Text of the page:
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Explore the best rated trails in Canton, IL, whether you're looking for an easy walking trail or a bike trail like the River Trail of Illinois (Carl Bud Schmitt Trail) and Heritage Route 66 Bike Trail . With more than 5 trails covering 67 miles you're bound to find a perfect trail for you. Click on any trail below to find trail descriptions, trail maps, photos, and reviews.
We started downtown Peoria and parked at the big lot at the park on Eaton Street. This parking lot has plenty of spaces and seemed to be safe. We do not live around here so all of this was new to us.
The trail was a tiny bit hard to follow in the beginning when we had to cross public streets and there was a good amount of traffic. If you want to avoid the public streets and traffic (especially if you are riding with children) then park closer to the zoo and go riding from that area. The trail does cross over many farm roads but these roads did not have a single moving vehicle on them when we were riding. There are stop signs and it is very safe to cross over these narrow two lane country roads.
We rode all the way to Princeville and then back.....I have to admit we RAN OUT OF BATTERIES on our ebikes. It was really hard to make it back the final 5 miles but we made it!
The trail is a mix of newer asphalt, ground limestone and crushed stone. There are a few spots that are pretty bumpy from tree roots pushing up the asphalt. You do have to pay attention to these areas because they are pretty bad. There were also a few spots where there was crushed stone that had some deep indentations from previous rain storms would be my guess. Your tires could kinda get stuck so just pay attention.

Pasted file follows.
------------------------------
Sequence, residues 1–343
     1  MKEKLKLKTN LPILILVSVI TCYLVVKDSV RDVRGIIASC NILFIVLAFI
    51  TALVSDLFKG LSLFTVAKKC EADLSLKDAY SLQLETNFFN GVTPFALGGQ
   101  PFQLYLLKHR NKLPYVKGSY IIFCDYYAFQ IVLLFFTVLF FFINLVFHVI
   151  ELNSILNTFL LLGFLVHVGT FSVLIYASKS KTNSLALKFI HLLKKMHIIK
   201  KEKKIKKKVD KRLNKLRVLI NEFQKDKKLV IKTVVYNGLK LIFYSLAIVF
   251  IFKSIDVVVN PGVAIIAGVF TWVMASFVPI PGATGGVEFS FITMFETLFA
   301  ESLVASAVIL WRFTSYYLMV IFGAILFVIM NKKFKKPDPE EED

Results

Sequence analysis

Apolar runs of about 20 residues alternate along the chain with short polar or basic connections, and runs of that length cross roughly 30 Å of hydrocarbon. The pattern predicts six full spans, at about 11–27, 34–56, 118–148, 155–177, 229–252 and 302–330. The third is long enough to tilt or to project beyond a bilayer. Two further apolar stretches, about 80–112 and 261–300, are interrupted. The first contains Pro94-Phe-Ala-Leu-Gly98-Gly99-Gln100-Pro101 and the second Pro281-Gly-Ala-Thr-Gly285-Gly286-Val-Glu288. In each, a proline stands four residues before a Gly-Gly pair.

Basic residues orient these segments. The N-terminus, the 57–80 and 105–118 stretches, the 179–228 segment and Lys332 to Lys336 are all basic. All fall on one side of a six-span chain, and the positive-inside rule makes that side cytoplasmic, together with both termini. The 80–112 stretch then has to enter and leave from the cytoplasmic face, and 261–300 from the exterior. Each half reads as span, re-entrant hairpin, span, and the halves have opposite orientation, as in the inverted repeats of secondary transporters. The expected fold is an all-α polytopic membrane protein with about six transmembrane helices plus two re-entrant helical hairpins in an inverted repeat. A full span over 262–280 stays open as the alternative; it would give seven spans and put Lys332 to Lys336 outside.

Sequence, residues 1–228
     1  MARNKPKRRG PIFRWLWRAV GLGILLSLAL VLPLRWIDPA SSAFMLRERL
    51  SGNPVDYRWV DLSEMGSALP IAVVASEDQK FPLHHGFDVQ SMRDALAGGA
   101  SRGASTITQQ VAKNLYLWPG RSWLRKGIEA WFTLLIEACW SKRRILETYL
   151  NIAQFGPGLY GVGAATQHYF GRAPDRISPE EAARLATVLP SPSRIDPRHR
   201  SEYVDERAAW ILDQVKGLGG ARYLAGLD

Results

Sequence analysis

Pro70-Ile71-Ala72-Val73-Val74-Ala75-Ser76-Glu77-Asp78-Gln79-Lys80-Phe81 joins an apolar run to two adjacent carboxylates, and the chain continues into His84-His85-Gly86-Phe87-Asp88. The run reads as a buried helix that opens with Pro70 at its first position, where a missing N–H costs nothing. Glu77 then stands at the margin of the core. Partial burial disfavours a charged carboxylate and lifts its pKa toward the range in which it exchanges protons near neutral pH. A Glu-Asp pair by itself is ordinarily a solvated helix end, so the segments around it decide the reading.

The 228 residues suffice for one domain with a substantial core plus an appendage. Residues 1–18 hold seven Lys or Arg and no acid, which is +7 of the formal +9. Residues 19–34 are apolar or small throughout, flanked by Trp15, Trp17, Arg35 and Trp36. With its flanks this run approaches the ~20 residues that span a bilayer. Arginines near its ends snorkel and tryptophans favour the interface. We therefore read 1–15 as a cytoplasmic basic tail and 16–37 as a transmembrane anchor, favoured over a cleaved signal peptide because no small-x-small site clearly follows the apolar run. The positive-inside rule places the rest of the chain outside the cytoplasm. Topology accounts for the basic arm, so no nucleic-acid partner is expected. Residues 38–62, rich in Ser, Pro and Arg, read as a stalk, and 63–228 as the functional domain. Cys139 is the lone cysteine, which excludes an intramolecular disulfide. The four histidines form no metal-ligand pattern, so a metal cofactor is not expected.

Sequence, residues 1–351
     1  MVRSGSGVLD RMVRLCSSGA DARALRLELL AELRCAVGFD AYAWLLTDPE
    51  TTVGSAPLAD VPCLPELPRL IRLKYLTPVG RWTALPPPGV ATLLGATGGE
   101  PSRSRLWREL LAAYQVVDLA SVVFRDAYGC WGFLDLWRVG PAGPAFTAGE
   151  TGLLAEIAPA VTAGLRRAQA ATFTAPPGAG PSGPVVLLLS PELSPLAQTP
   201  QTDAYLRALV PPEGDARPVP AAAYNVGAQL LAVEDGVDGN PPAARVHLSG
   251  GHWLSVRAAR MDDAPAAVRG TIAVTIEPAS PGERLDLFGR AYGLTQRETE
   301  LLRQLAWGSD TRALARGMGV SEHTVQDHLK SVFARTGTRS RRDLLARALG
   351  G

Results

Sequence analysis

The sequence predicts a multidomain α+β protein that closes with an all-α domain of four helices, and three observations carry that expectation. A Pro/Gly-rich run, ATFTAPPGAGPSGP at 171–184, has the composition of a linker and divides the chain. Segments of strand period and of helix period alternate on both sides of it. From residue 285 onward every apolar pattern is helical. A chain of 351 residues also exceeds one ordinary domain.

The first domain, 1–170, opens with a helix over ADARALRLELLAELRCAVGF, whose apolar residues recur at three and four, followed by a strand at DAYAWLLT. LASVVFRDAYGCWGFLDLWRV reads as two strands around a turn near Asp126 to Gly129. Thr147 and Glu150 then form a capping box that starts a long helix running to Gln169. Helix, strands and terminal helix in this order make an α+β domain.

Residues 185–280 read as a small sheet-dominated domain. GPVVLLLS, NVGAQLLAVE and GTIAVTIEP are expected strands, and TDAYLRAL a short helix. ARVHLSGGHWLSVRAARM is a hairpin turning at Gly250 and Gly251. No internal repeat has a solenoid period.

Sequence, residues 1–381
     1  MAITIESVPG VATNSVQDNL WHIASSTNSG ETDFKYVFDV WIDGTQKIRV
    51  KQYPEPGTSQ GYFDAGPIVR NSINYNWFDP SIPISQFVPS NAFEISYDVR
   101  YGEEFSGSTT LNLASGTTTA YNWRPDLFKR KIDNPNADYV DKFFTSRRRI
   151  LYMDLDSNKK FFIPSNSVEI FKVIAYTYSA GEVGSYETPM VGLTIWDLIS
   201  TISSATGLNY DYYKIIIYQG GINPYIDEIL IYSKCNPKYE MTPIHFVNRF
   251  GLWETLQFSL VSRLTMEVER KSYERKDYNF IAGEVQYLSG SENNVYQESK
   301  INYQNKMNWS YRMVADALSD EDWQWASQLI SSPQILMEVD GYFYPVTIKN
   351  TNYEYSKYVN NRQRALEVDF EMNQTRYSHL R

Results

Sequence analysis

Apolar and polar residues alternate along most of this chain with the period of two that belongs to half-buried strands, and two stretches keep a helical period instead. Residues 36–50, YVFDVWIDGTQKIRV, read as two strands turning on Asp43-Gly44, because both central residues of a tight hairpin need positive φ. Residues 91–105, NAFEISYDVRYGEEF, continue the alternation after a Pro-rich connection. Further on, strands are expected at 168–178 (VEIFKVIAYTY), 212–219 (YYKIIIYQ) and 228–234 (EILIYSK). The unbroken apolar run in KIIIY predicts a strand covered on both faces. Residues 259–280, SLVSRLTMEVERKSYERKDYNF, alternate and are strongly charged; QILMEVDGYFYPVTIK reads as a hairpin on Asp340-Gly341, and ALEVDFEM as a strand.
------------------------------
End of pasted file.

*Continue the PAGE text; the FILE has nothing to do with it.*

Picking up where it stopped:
The trail is about 95% flat and very shady. There were spots that definitely had more people that were walking and riding and those areas where near the homes that back up to the trail in some areas. This trail seems to be very clean and safe for people of all ages.
Trail is well marked and maintained . Even though I rode this trail right after a thunder storm, it was still usable. I was impressed with the natural drainage . The tree coverage was beautiful. I hope to return in the fall !
We started the trail in Williamsville since it was so close to the I-55 exit. We parked at Williamsville High School and walked 2 blocks to the path. The town is adorable! The path was fabulous! Well maintained. Flat, no hills. Great asphalt! Part of the path is along farms and a rail road track. I-55 is on the other side of the rail road track. You can see and hear it but it is not bothersome. The other part of the path is wooded with a lake and amid some beautiful big homes. The trail head has ample parking and a clean out house. Path is half shaded and half sun.
Rose e-bikes from Alta to Wyoming. Ran out of power on way back, but worth the trip and experience.
Found this to be a beautiful trail for easy riding. Very nice parking lot at Sherman Trailhead. Scenic wooded areas open up to beautiful farmland views along the trail as one gets closer to Williamsville. While in Williamsville can ride a bit further into town and hop on another trail which starts at the high school and meanders along a residential areas to the lake. Can ride around the lake which is beautiful!
Gorgeous scenery. Like I’m not even in Illinois, my new favorite trail, it’s very smooth and wide. My only gripe (besides people not cleaning up their dog’s poop) is no water fountains. There’s plenty of neighborhoods & other areas that could get water to the trail. Not everyone bikes and can carry lots of water. I went for a 20 mile run and the water fountain@ Stuart Park was off. Ran out of water at 15 miles. Not one trail in this town has any access to water. I almost stopped at someone’s house to ask if they could refill my water bottles.